Scientists have observed the first known “virgin birth” in crocodiles. A female crocodile, kept alone in captivity for 16 years, laid a clutch of eggs that included a fully formed fetus which was genetically identical to its mother. The find reveals that this unusual form of reproduction is possible in more species than we thought – including, perhaps, dinosaurs.
The maternal miracle occurred in a female American Crocodile that’s lived in a reptile park in Costa Rica since 2002, with no access to mates. But in January 2018, keepers discovered a clutch of 14 eggs in her enclosure, seven of which appeared to be fertile. The team artificially incubated them for three months, but none hatched. On closer inspection, a fully formed, but non-viable fetus was found in one.
The researchers took DNA samples from the mother and fetus and compared them, and found that the fetus was essentially genetically identical to the mother. No DNA from a male was present at all.
This kind of spontaneous self-reproduction is known as facultative parthenogenesis (FP), and while it sounds impossible it’s common in insects like cockroaches and bees, and has been recorded in several vertebrates as well. In 2016 a leopard shark in an Australian aquarium hatched three eggs on her own, and in 2021 endangered Californian condors were also found to do away with males on occasion.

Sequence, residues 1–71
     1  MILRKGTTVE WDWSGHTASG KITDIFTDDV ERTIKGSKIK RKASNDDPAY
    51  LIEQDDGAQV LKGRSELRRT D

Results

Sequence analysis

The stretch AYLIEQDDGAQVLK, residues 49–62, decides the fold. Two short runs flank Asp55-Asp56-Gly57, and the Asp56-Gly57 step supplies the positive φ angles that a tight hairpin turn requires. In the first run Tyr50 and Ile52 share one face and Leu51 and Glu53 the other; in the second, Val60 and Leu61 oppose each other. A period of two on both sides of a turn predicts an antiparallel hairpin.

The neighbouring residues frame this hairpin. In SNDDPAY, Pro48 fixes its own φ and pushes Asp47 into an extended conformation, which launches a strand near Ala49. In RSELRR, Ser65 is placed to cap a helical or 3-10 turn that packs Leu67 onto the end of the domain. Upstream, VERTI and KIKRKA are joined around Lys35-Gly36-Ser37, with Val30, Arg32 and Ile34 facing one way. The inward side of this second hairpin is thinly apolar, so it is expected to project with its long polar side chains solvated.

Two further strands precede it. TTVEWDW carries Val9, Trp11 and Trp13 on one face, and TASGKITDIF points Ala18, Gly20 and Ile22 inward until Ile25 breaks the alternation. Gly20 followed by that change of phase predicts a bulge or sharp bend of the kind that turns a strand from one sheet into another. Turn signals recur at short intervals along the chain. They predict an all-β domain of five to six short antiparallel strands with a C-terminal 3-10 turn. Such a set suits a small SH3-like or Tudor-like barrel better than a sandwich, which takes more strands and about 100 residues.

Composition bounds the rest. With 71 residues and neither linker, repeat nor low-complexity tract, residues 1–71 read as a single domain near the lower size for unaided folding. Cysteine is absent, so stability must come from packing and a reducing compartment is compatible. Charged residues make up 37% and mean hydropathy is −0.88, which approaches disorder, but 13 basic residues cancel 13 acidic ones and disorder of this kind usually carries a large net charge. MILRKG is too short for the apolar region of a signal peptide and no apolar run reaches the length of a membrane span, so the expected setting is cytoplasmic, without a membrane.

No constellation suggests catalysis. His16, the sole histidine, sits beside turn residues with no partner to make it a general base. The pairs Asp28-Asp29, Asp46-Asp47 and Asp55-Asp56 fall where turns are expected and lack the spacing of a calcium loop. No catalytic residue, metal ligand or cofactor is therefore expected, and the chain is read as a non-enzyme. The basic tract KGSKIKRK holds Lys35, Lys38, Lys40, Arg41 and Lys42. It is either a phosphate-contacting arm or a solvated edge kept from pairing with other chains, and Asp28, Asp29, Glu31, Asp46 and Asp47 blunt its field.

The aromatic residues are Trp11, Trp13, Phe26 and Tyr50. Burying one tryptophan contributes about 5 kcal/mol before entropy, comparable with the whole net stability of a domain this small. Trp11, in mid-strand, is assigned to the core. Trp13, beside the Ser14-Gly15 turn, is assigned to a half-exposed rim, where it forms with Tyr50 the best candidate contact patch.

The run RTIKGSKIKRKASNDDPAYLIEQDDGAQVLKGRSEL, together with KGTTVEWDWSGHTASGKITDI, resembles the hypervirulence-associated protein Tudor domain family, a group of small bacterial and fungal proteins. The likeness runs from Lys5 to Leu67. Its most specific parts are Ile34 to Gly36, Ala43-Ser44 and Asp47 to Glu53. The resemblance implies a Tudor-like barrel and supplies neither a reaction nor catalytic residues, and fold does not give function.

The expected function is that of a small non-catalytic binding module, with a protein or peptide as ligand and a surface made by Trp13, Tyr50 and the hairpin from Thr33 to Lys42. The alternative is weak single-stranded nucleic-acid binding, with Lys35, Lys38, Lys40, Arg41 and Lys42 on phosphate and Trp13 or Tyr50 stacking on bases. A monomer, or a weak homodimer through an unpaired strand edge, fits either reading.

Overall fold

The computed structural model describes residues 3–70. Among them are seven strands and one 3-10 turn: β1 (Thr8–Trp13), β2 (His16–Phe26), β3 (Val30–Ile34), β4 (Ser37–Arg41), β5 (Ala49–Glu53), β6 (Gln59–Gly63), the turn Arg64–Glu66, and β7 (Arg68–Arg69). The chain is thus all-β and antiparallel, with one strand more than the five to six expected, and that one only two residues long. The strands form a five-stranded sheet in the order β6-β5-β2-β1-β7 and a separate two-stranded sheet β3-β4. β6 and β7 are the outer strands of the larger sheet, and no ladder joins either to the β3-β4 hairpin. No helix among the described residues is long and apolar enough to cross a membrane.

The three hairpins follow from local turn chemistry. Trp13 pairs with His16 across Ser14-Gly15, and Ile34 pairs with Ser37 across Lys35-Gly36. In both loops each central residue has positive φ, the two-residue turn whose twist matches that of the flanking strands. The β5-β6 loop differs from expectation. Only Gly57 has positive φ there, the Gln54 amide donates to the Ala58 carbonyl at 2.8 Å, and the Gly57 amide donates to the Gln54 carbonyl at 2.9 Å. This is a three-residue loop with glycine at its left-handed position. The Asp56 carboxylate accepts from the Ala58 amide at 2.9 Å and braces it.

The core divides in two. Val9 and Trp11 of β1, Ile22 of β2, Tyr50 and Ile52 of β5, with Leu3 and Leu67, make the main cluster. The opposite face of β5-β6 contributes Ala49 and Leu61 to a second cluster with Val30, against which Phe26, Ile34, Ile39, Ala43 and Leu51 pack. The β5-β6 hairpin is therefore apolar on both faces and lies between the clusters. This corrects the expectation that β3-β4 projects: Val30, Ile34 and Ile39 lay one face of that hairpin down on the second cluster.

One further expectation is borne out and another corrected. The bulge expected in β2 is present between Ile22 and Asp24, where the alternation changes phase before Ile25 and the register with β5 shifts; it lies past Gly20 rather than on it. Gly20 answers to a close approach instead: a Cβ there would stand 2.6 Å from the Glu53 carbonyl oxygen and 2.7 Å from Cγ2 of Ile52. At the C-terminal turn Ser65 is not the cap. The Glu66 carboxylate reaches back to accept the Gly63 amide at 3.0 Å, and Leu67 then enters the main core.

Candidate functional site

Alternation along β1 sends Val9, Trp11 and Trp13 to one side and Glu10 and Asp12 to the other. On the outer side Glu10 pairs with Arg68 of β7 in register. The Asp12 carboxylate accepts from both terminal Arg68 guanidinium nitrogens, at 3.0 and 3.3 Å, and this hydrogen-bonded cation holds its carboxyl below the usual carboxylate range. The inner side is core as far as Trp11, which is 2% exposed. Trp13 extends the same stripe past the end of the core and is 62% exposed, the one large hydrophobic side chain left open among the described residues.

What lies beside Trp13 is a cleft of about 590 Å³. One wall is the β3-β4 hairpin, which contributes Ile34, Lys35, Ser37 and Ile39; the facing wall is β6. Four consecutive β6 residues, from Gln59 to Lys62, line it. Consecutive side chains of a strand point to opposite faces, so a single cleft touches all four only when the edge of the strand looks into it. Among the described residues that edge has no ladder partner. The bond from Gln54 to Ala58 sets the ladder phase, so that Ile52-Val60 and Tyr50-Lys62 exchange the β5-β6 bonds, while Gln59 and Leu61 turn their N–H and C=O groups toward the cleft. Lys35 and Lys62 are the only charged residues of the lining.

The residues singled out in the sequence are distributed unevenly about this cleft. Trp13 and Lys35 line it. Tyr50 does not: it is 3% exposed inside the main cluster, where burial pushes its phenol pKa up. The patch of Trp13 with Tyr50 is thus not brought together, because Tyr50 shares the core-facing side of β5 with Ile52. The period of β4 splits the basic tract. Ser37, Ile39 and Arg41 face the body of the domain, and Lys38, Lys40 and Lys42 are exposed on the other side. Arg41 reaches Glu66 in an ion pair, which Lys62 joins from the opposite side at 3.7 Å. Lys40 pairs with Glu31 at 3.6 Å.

But this is the first known example in a crocodilian, a group that includes crocodiles, alligators and gharials. The implications stretch far beyond that group though. Crocodilians and birds are the last surviving members of a clade of animals known as archosaurs, with their last common ancestor existing some 240 million years ago. So now that FP has been detected in both branches, it’s suspected that the phenomenon is an ancient one and may apply to many more species.
Among them is a pretty notable group – the dinosaurs, which along with the pterosaurs that flew overhead during the same time, are all archosaurs. That suggests that they too may have been able to reproduce without males if the need arose, which sure would have helped “life find a way” to cause chaos in Jurassic Park.
The research was published in the journal Biology Letters.